Approaching a lady in a luminous pink blazer, chatting away with two people in The Queue to see the Queen lie in state at the houses of parliament, it would be easy to assume they were a group of lifelong friends.
“Oh no, we met in the queue,” she says, pointing to her new friend. “And we got off the tube at the same time and just got chatting from there really.”
It was the same story for hundreds of metres, as groups of former strangers posed for selfies and shared sandwiches. The social contract binding Londoners – no eye contact on the tube, only weirdos speak to strangers – has been suspended. A solemn occasion has become a chance to bond.
The growing queue was accompanied by warnings of “horrible stories of suffering”, as people hunkered down overnight and the elderly struggled to cope. A government-created livestream showed exactly how far it stretched (3.1 miles at 10am). You’d be forgiven for expecting an endless line of glum-faced, stoic mourners.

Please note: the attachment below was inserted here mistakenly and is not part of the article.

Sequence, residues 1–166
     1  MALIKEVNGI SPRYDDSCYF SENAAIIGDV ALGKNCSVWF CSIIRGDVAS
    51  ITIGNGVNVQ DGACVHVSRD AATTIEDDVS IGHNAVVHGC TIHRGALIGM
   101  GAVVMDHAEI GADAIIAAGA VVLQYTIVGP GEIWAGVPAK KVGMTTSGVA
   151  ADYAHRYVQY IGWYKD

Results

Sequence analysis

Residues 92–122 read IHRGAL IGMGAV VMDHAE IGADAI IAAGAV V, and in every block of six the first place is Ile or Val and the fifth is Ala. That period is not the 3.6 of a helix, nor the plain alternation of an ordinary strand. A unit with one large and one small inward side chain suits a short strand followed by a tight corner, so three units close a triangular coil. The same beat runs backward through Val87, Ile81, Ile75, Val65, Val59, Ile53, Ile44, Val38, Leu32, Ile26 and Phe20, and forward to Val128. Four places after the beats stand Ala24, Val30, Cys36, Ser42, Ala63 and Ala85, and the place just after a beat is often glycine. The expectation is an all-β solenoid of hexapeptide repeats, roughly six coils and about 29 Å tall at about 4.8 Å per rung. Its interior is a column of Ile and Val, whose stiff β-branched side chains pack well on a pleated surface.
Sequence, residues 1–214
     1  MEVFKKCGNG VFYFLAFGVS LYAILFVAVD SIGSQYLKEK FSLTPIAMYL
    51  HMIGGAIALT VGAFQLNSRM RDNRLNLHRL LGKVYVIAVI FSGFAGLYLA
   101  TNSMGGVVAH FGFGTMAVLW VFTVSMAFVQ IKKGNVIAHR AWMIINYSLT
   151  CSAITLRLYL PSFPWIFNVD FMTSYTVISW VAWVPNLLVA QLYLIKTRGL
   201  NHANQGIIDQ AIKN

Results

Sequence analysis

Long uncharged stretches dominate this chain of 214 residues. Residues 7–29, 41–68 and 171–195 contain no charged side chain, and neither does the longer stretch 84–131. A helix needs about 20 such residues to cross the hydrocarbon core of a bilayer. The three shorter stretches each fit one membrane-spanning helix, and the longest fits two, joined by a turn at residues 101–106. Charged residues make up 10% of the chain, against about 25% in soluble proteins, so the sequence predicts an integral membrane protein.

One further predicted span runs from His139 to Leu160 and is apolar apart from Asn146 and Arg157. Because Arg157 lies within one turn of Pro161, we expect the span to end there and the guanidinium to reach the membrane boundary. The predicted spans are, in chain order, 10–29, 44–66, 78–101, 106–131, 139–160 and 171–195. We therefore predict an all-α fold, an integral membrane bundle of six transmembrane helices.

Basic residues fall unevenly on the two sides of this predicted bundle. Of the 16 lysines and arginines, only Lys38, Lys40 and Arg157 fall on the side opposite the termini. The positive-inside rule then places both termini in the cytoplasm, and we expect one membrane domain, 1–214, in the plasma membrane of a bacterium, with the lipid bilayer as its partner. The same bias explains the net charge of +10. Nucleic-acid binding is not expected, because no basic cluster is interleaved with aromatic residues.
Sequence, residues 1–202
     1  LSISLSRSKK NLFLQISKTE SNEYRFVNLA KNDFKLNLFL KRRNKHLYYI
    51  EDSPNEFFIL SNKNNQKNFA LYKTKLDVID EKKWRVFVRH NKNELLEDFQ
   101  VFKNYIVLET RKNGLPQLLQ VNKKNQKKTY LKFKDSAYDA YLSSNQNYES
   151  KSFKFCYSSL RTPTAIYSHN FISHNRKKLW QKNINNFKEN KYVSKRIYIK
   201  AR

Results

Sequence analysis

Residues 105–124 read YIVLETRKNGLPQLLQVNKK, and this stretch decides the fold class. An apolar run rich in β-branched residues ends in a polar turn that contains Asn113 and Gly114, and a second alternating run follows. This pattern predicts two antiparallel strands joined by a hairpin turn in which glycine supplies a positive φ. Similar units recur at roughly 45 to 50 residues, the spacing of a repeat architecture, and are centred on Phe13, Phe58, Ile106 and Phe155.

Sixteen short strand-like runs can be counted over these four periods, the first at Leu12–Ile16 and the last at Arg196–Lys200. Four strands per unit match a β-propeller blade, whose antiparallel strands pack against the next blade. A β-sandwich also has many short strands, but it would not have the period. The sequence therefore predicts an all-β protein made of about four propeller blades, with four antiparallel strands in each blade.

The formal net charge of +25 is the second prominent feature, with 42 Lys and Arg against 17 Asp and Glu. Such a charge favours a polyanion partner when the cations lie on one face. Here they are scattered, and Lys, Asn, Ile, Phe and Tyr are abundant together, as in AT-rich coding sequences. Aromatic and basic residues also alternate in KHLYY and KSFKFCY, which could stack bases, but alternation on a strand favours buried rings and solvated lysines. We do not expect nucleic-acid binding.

That may come to pass, but had not done so when the Big Issue arrived, speaking to people as they passed the National Covid Memorial Wall and began the final stage of The Queue. Instead, The Queue has become a national event in its own right.
“Everyone’s cheerful, happy, and they’re all here for the same reason,” a group of sisters, draped in bunting with the Queen’s face having come from Poole to pay their respects, told us. Which is perhaps not what you expect to hear. Others described it as a wonderful experience, as well as a time to reflect.